HE did finally get a job with a very small concern which wasn't exactly to his liking but the pay -not fantastic - was better than some of the average jobs in this area and he was strugglig along, making due as best he could. Then, his brother-in-law got him on at the outfit where he works and things appeared to be goig relatively well until one Monday morning, virtually out of the blue, the owner of the place fired him because a part costing $13 retail broke on a car he and his brother-in-law were fixing. Now, if this part had cost $1,300 or even $130 I could have understood better the owners consternation but $13 for a part and he was deemed unreliable, a total liability and let go? That one didn't seem to make sense to me at all.
During the unemployment period is when he decided to look into the truck driving training program as it is an industry that does use a lot of people in this area and the pay is above average and he thought it would be a job he could and would enjoy. And as it turned out, he does like the work, finds it very interesting and is especially good in that it keeps him very busy, gives him a good financial reward too at the end of the week for his efforts as well.
But the fact he has been unable to meet some nice young woman who might make for a good life partner has been the stumbling block here for him it seems. His chief complaint has been that the girls he has mt all seem to think partying is the only form of entertainment and what's more, their chief line of conversation according to Clate is to discuss either their last boyfriend or their former husband with a retelling of how controlling that man is/was and how many times that guy beat the living daylights out of her too! I don't follow the logic in staying in a relationship like that, nor does my son which explains his dismay at meeting someone who can talk intelligently, rationally, too about their lives, their goals, their careers, too - if indeed any of them had such an entity to begn with.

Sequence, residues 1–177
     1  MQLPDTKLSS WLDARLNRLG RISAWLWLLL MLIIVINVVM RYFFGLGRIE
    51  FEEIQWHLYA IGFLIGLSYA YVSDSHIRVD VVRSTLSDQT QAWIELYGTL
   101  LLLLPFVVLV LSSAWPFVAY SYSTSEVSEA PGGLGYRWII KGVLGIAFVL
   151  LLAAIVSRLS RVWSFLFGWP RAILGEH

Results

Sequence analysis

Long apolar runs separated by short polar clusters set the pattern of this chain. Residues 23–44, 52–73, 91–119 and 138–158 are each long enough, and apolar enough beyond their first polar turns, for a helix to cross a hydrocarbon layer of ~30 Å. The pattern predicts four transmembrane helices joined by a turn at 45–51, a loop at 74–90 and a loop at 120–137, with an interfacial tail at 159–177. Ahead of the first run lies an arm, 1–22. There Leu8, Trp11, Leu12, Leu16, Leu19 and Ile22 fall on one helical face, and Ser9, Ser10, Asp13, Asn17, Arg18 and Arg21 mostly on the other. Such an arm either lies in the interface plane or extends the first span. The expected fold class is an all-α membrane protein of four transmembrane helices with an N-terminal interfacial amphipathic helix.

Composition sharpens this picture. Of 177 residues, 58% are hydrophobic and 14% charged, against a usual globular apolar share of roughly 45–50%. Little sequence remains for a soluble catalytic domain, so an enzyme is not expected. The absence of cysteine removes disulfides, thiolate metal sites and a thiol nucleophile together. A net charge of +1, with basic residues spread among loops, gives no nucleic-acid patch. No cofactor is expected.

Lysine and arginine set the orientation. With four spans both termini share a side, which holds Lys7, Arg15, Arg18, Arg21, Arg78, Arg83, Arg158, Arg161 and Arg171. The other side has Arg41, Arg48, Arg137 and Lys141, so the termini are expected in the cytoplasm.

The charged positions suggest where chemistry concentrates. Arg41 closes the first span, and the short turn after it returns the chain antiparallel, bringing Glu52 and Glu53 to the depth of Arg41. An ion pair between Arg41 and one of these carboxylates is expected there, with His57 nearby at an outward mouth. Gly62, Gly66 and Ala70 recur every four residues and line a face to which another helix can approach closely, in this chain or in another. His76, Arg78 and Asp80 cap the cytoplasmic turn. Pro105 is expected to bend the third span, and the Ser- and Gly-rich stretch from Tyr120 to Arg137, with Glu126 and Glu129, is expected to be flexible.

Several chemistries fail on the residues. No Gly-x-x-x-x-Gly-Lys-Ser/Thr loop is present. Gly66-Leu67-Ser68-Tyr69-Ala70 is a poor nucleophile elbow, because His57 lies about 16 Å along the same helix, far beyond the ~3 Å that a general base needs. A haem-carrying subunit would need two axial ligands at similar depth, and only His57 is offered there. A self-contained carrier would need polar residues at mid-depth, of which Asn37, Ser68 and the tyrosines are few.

And so, that's where things are today. Mom is still on edge, relieved that her baby boy isn't all banged up or worse, dead but she's also not very happy either that her car is pretty sick right now too. But the car is still just a car and as such, eventually can be fixed.
Clate on the other hand, although he's fine fromt he accident, needs a bit more work apparently on getting him "fixed." So, any young ladies interested in meeting a very nice, very empathetic, hard-working, decent and good looking young man who would like to have someone to share his life with, feel free to submit your applications to me - his guardian mother, you know!
Hmmm! Who knows how that might work out - I've never been the matchmaker type before!